Reviewed by Lelia Taylor, April 2018.

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About the Author

Photo credit Stacy Brand

Christina Lynch’s picaresque journey includes chapters in Chicago and at Harvard, where she was an editor on the Harvard Lampoon. She was the Milan correspondent for W magazine and Women’s Wear Daily, and disappeared for four years in Tuscany. In L.A. she was on the writing staff of Unhappily Ever After; Encore, Encore; The Dead Zone and Wildfire. She now lives in the foothills of the Sierra Nevada. She is the co-author of two novels under the pen name Magnus Flyte. She teaches at College of the Sequoias. The Italian Party is her debut novel under her own name.

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Book Review: Fools’ River by Timothy Hallinan

Fools’ River
A Poke Rafferty Thriller #8
Timothy Hallinan
Soho Crime, November 2017
ISBN: 978-1-61695-750-6
Hardcover

The author writes in an afterword: “I had a vague idea when I started writing Fools’ River that it might be fun to bring together three or four simultaneous stories and see whether I could tell them all in a very compressed span…”  And so he did, relating several threads within 36 hours.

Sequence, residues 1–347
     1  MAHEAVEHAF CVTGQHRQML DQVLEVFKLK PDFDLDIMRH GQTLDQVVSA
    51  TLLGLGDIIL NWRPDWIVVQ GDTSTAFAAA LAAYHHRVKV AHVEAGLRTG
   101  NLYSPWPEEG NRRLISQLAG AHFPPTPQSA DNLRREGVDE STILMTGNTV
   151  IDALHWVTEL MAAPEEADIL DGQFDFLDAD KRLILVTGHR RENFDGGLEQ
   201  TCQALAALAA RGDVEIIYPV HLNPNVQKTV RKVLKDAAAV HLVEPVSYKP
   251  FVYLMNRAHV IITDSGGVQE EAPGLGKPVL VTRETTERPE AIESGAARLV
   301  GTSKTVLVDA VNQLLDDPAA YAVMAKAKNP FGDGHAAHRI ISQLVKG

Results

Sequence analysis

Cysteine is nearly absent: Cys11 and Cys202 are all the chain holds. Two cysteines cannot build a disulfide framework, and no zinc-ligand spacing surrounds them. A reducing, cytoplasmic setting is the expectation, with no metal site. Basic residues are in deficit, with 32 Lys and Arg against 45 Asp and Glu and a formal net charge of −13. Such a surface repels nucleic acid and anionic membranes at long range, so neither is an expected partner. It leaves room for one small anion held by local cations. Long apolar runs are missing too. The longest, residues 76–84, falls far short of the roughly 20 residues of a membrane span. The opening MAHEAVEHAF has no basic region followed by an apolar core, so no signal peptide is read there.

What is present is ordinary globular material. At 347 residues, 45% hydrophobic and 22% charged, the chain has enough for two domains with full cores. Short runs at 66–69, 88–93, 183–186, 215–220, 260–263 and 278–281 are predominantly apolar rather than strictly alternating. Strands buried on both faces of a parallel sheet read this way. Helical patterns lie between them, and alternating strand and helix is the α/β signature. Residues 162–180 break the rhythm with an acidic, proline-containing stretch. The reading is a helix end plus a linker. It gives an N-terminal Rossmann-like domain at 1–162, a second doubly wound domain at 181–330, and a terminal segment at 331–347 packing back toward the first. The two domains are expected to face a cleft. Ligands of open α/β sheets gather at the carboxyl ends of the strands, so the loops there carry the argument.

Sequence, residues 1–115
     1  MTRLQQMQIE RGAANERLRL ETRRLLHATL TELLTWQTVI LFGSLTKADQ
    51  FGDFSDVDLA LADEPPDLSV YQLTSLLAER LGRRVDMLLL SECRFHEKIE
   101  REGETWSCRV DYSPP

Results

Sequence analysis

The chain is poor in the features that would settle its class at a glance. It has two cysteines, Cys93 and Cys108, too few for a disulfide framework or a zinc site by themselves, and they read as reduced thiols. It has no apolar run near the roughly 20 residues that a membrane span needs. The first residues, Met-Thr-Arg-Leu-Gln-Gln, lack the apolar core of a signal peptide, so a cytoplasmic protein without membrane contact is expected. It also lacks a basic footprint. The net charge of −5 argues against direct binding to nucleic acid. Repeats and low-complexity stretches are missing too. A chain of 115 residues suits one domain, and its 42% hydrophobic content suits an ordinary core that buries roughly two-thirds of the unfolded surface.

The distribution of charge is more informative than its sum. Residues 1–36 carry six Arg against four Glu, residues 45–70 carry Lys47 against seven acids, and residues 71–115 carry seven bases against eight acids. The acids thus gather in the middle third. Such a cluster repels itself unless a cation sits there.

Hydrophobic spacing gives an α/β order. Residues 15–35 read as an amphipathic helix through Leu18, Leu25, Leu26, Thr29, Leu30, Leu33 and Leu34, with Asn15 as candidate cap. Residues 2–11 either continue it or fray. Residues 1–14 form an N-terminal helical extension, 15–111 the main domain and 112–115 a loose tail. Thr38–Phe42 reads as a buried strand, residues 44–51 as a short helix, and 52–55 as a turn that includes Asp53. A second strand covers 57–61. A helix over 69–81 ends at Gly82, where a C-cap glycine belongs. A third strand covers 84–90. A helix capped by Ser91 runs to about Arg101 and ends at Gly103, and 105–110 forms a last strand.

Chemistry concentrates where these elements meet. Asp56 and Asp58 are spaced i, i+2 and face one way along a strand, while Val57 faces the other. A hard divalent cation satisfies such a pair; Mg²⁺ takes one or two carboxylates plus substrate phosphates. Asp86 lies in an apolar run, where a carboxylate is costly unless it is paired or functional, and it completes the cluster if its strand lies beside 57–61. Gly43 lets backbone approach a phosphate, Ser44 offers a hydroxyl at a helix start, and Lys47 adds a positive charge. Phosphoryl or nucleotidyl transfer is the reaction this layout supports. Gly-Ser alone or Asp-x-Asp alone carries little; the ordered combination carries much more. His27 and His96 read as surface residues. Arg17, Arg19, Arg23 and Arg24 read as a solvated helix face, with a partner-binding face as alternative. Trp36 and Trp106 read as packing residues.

So we begin with Edward, the leading man in a play with Miaow, Poke Rafferty’s adopted daughter, begging Poke to find his father who is missing for 12 days; the travail of the father, one of a series of men lured by sex and imprisoned while his capturers milk bank accounts and credit cards; the life and times of Lutanh, a boy-girl, which permits descriptions of the seedier side of Thailand and its sex-obsessed trade; then there is Rose, former bar girl, married to Poke for seven years and now bearing his child in a difficult pregnancy, and mother of Miaow; and lastly Poke’s constant worry about Rose, while attempting to find Edward’s father.

The descriptions of the corruption of the Bangkok police is penetrating as are observations of the sex establishments: the Cherry Girls, the bars and of the farangs chasing after them.   Each of the sub-plots is fast-paced and absorbing and brings the reader along to a thrilling finish.